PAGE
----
Line by Line Editing: Part One: Long Sentences

Author: Anastasia V. Pergakis // Category:

Long sentences are caused by a number of reasons - weak verbs, too many nouns, and/or an overuse of prepositional phrases. In The Writer's Academy I see this happen a lot in the short story and novel classes. At the time, I did not realize why many of the sentences "sounded wrong" to me - they just did. After doing a bit of research, now I know WHY they sounded wrong.

Weak Verbs
I knew this part well as other reviewers often pointed out this same mistake in my own work. Inert verbs (to be - am, is, was, were, being, been), actionless verbs (have, exist, etc) or the passive form (to be and a past participle - is believed, was seen), and verbs ending with -ing, all lend to the same argument -- aggressive or action verbs are more often than not, better than passive or actionless verbs.

Am I saying that you need to go through and change every single passive verb to an agressive one? No. The point is not to have your manuscript riddeled with them. The rule I often make for myself is that I cannot have two sentences in a row that contain passive verbs. In an action scene (like a fight or chase), I don't allow passive verbs at all. Those are my personal rules, but they seem to work for me. I also do not pay much attention to passive/aggressive verbs in character dialogue, unless there is a certain feeling I wanted to create that was lost in using a passive verb. Otherwise, I let the characters talk the way they want.

Passive: Running across the sand, Tim felt like his lungs were going to explode.
Active: Tim sprinted across the sand, his lungs ready to explode.

Bulky Nouns
Often times a sentence becomes filled with too many nouns or long Latinate ones (end -tion, -ment, and -ence). Too many nouns can make a sentence boring or even hard to understand. Often times nouns used the wrong way, causes a writer to compensate with extra adjectives and pronouns that are not needed.

Bulky: During this blog post, I will provide information about wordy sentences and how to fix them, as there are many mistakes that can be made.
Simple: This blog post will provide information to fix common mistakes in sentence structure.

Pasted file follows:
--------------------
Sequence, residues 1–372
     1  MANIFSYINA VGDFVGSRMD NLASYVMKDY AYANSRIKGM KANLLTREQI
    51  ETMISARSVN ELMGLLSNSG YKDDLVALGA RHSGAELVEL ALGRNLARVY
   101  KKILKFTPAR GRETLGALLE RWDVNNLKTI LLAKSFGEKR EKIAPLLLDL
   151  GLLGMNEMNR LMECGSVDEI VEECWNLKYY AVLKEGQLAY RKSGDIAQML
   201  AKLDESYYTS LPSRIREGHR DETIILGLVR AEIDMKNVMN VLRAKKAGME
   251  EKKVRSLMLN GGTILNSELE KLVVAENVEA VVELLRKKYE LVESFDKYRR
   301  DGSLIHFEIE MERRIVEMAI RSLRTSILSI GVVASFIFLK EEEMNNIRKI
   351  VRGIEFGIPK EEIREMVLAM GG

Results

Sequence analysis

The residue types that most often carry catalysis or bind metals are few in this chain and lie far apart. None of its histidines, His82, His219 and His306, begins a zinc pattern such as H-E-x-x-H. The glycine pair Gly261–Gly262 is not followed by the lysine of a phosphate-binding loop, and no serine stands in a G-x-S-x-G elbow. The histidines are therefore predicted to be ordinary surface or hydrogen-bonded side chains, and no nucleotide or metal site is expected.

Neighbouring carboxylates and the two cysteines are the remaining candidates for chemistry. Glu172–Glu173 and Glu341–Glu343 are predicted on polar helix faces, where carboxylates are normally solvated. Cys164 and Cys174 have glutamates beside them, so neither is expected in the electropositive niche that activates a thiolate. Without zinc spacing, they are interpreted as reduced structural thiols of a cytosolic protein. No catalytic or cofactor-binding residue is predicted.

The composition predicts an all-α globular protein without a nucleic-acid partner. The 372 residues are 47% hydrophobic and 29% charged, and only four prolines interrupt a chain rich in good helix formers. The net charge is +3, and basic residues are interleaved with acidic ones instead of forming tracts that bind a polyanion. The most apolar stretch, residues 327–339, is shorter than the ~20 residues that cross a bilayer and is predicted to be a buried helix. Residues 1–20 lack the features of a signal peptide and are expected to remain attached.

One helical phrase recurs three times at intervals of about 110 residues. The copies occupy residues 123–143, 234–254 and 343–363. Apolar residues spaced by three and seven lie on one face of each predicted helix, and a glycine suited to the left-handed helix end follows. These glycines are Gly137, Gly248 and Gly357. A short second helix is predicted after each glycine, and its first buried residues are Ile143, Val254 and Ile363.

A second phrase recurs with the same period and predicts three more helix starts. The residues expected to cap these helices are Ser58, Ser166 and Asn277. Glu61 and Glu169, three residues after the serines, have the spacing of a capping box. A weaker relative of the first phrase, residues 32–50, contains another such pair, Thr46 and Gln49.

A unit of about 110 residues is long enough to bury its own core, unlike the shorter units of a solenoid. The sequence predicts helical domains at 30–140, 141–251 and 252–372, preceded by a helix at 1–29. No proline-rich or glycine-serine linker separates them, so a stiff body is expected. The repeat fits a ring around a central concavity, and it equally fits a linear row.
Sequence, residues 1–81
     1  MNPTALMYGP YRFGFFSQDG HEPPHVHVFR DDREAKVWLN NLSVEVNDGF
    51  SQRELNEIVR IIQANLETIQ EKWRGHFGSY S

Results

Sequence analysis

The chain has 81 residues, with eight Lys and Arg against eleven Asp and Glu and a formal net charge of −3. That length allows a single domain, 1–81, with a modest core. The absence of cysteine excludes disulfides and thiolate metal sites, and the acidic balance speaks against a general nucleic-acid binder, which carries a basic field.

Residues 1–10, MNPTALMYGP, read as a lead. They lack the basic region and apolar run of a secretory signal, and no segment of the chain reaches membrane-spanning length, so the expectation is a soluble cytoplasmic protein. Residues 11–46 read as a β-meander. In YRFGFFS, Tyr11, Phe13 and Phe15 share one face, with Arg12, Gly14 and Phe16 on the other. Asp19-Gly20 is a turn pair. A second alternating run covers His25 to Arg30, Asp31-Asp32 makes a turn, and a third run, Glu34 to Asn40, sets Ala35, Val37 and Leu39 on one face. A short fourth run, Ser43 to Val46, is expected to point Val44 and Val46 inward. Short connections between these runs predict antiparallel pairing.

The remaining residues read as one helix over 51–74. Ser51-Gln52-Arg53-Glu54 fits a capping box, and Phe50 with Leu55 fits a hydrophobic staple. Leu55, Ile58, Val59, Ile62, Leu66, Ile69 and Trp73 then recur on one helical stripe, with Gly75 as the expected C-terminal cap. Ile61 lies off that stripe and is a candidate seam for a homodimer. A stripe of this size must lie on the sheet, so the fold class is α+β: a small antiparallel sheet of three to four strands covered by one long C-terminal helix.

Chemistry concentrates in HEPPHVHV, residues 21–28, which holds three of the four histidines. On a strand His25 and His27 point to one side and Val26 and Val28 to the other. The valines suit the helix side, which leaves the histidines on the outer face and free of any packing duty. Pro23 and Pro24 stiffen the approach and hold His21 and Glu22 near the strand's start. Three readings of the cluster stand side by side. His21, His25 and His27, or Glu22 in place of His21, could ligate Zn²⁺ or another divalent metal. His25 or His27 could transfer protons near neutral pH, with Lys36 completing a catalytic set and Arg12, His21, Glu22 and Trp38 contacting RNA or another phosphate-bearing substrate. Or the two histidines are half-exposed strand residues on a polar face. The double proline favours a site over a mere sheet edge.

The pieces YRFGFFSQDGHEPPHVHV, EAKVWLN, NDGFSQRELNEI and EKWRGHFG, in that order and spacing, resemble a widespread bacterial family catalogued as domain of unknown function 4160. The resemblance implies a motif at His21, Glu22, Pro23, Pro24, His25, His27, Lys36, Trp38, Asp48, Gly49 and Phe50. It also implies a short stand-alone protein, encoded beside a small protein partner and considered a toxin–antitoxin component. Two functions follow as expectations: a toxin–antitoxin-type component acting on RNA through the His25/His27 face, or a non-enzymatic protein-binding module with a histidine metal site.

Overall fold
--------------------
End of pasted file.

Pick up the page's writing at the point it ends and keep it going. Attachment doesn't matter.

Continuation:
Overuse of Prepositional Phrases
Prepostionional phrases are easy to spot - just look for the preposition! For those that don't remember, a prepositional phrase is made of a preposition, its object and any assocated adjective or adverbs.

It is easy to over use prepostionial phrases when trying to describe something. However, the same detail or feelings can be shown without so many phrases in one sentence.

Too much: Writers can often fall into a trap where they have too many of these phrases in one sentence in a row. (4 phrases)
Better: Writers trap themselves when they have too many phrases in one sentence. (1 phrase)

Fixing the Problem
How can you catch these sorts of things in your own writing? It takes a certain mind set.

The first thing I do, is put my book down for a few days. When I return, I try to think of it as someone else's work - not mine. I'm much harder on others in a critique than I am on myself! Pretend it's not your story. (That is extremely hard to do, I know - but it works!)

Word has a great feature that I use to highlight the passive verbs. Then I choose a different color to highlight prepositions. I don't use this for nouns, I simply keep a close eye out when reading.

Instead of just reading the manuscript like I would a book I pulled from the shelf, I read it one sentence at a time. Sounds like normal reading right? Wrong! I mean that I read one sentence, then think about it. I ask myself "Can I make this sound better? Is there something here that shouldn't be (like too many nouns or phrases)? Is there something missing? If I answer no to all the questions, I read the second sentence and repeat the process.

It takes a long time to do it that way, but I find it is best to really catch the mistakes that are often hidden. Sometimes, I'll read out loud. Hearing the sentence aloud instead of just in my head, makes a huge difference in the way a sentence sounds. That can really help to find mistakes - especially if you know something is wrong, but you don't know what.

Of course, it never hurts to have someone else read your work too!

3 Responses to "Line by Line Editing: Part One: Long Sentences"

J. D. Brown Says :
February 28, 2010 at 9:53 PM

Oh I am SO going to use this when I'm done revising! Right now, my focus is on getting the scenes straight and makeing sure the details are consistent. Bu eventually that will be done and I go on to line by line edits. *dread*.

Harley D. Palmer Says :
February 28, 2010 at 11:42 PM

Yes indeedy - I am doing a series about line by line edits and what to look for so keep coming back to read more!!

Angelica Weatherby Says :
March 1, 2010 at 5:57 PM

Hmm... Maybe, not just for novels, I could use this advice for my English homework! Now... for the issues I have with writing a thesis statement... How can I overcome that? I failed on my essay- 80%. Issue: Weak thesis statement lead to weak essay map lead to weak organization of the essay. Oh I didn't do any proofreading either- but this just shows the exact problems my teacher may have had reading my essay!

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